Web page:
mixed bag of 80s
[note: I’ve been reading the German original]
The story: it’s the mid-1980s, and German adventurer Achill Moser is in his early thirties. He embarks on two different trips through China. One is going to take him on foot from Turpan to Dunhuang in the Gobi Desert, the other one is a boat ride along the Yangtze River. Sometimes there is a buddy with him who takes pictures, but he mostly travels alone.
Achill Moser’s landscapes and travel tips
The resulting book is a mix of travelogue, coffee-table book and travel guide. It’s essentially made up of five parts:
- a few paragraphs about the journey and about China in general,
- a travelogue about the walk through the Gobi,
- another travelogue about the boat ride along the Yangtze,
- a few pages of glossy photographs (which were okay)
- and finally a section with advice on travel in China in the 1980s.
Reading this book is like having a bag of trail-mix. There are always some kinds of nuts or raisins you prefer over the others. I found the travelogue parts a bit too “dreamy”, with Moser taking a deep dive into the poetic aspects of traveling. Sort of like watching a movie with too many (and too long) panoramic shots.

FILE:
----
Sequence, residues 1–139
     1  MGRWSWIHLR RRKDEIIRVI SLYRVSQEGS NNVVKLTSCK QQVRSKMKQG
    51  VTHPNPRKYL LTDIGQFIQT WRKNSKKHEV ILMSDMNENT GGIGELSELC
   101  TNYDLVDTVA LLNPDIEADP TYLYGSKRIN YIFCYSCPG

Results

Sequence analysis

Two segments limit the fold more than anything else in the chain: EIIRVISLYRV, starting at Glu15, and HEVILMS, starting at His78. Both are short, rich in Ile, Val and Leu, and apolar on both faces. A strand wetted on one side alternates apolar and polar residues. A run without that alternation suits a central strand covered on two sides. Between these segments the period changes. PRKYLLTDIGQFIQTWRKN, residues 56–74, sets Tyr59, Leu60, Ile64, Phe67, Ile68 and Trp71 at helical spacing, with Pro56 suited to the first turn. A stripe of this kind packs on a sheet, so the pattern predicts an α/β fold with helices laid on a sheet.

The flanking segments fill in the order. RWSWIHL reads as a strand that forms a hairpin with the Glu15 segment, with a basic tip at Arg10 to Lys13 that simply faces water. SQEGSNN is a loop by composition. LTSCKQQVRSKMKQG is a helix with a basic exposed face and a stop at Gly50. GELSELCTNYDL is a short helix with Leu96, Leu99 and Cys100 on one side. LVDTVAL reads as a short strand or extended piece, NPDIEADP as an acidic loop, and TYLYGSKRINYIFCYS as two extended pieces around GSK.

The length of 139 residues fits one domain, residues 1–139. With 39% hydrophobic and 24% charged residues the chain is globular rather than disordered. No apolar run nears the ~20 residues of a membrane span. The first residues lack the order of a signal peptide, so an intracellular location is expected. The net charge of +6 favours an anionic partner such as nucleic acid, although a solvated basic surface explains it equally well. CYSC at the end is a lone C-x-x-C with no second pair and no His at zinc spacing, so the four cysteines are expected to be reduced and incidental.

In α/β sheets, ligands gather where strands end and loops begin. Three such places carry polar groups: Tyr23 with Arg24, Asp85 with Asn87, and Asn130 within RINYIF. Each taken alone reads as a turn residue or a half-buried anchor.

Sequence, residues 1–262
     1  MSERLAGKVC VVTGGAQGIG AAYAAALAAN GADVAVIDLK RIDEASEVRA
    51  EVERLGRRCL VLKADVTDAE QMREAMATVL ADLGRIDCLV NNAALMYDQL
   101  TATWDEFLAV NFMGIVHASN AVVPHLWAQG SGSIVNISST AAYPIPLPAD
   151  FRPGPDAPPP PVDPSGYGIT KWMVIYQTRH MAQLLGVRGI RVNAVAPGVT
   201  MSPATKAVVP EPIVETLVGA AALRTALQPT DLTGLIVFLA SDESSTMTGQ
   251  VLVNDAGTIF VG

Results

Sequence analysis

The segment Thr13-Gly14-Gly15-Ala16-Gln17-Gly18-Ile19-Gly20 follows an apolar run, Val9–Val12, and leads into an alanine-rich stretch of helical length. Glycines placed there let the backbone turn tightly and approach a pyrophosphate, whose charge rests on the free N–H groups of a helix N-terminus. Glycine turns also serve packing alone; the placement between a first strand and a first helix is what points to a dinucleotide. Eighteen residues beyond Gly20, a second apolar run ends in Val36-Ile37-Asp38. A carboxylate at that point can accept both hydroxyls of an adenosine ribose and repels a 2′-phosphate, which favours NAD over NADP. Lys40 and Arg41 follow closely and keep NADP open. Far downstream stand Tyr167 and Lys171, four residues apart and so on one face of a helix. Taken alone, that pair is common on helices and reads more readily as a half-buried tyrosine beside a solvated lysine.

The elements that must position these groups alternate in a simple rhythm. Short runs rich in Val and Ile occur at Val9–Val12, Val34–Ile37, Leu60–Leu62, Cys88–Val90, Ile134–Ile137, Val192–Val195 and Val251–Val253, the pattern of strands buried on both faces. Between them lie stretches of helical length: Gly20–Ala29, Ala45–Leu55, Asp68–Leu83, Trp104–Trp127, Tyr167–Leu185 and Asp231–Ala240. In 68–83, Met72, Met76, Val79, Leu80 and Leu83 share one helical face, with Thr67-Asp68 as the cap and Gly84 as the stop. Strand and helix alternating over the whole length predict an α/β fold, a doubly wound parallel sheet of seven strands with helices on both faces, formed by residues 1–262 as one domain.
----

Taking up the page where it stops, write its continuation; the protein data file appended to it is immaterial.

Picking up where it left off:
I thought Moser’s insights about China were not very original, but they provided a non-China-expert view of the country as it was in the 1980s, and I thought that was pretty interesting.
who might want to read this
Moser’s feats of walking the through Gobi Desert and riding a boat down the Yangtze are pretty impressive. His storytelling is basically good, though I would have liked the book to have more of a storyline. His writing style is okay. His observations and insights are historically relevant but not very original.
If you’re a die-hard China fan, or if you’re interested in this particular form of adventure, then this book might be just right for you.
Also read: Mildred Cable, for an account of a journey through the Gobi in a different time.